How many times has someone told you the future of L&D is mobile?
Well, they’re wrong…
Ever since mobile usage surged ahead of desktop usage, mobile stopped being the future and became the present. A mobile strategy is no longer an optional add-on for L&D, it’s crucial to the success of your online training.
Smartphones aren’t just fancy gadgets. They’ve changed the way we interact with the world. Ray Kurzweil explains that ‘Mobile phones are misnamed. They should be called gateways to human knowledge.’
Ray is right. Mobile Phones allow us to access the entire body of human knowledge. When you put it in those terms, it’s no longer a question of whether you should include mobile in your L&D strategy, but how.
There are two options to consider
- A responsive LMS
- A mobile learning app
This isn’t an either/or scenario. Each option has its pros and cons.
The most effective mobile strategies don’t pick either a responsive LMS or a mobile learning app. Instead, they’ll use both, letting each play to its strengths.
A responsive LMS is designed with desktop users in mind, whilst an app is designed with mobile users in mind. This means the user interface and user experience will be very different.
What is a Responsive LMS?
A responsive LMS is designed for desktop users but will look sleek and function well on any screen size. This means mobile smartphones, tablets, laptops and desktops all enjoy a seamless user experience.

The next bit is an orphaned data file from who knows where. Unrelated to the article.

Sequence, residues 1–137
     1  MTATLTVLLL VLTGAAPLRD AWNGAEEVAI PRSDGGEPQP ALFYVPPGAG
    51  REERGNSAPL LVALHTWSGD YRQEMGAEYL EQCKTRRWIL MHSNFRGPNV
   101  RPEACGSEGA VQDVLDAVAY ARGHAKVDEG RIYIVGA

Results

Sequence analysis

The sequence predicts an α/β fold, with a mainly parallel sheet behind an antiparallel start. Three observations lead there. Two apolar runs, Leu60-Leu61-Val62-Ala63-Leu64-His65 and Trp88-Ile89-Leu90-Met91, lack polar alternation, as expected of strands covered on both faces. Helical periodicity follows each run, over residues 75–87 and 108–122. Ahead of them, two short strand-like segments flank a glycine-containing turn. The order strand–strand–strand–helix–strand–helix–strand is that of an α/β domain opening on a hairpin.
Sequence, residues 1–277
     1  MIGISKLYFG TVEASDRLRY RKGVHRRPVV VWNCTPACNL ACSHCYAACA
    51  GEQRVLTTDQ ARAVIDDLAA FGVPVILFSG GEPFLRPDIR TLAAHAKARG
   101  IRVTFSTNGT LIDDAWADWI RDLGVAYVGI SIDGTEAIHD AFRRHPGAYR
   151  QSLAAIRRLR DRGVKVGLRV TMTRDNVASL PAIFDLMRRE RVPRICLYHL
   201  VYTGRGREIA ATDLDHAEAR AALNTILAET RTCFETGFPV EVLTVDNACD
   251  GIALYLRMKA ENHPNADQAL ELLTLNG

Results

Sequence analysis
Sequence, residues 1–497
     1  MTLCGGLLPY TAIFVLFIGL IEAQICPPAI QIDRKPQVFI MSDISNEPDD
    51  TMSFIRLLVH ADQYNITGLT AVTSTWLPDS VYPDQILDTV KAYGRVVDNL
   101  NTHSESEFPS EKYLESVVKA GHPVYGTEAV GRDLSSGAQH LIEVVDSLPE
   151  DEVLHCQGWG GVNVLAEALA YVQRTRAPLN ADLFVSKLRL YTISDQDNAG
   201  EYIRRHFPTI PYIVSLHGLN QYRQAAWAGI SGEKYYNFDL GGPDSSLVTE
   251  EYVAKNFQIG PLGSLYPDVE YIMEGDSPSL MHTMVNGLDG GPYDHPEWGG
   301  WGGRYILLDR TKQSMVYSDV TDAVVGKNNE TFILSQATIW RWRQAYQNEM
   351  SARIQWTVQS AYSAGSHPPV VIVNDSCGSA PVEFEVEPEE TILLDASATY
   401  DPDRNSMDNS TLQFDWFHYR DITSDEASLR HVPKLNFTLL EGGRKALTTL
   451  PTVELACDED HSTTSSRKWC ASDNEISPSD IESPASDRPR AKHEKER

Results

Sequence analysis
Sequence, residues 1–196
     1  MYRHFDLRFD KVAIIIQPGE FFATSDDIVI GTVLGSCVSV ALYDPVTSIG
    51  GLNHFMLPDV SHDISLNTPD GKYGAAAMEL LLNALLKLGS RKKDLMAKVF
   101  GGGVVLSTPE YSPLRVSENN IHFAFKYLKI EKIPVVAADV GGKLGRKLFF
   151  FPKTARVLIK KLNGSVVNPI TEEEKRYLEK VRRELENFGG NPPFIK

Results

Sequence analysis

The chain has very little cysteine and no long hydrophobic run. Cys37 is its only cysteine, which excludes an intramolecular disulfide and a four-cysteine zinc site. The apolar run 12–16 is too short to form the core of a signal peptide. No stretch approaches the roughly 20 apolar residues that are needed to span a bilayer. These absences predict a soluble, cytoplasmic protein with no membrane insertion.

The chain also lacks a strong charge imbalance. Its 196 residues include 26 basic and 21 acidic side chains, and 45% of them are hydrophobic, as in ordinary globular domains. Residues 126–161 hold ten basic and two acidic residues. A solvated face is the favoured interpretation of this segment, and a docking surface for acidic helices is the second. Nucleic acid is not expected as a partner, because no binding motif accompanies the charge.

What Does a Good Responsive LMS Look Like?
A clear design and easily navigable user interface is essential to any LMS. It’s no good having all the functionality in the world if your learners can never find it.
This simply needs to shine through on all devices. A mobile interface should always be free of clutter, otherwise, your learners will waste their time pinching and zooming.
Images and fonts need to be optimised. This means they should grow and shrink depending on the screen.
An LMS that loads slowly on mobile will irritate learners. Google report that ‘40% of people abandon a website that takes more than 3 seconds to load.’
A responsive LMS should help learners understand exactly what you need them to do. There’s no benefit to hiding important training behind a maze of folders and menus. It’s much better to make it easy for learners to access important content with a logical design that signposts the route to it.
What are the Advantages and Disadvantages of a Responsive LMS?
If you are purchasing a responsive LMS, you won’t pay separately for the desktop and mobile site. Why would you? They’re the same product.
Compatible with all Devices
A well-designed responsive LMS will play well with any device, no matter the brand, screen size or operating system. This is important for L&D departments who need to deliver training to large audiences.
Less Required of Learners
With no need to download an app, a responsive LMS won’t use up memory on your learners’ smartphones.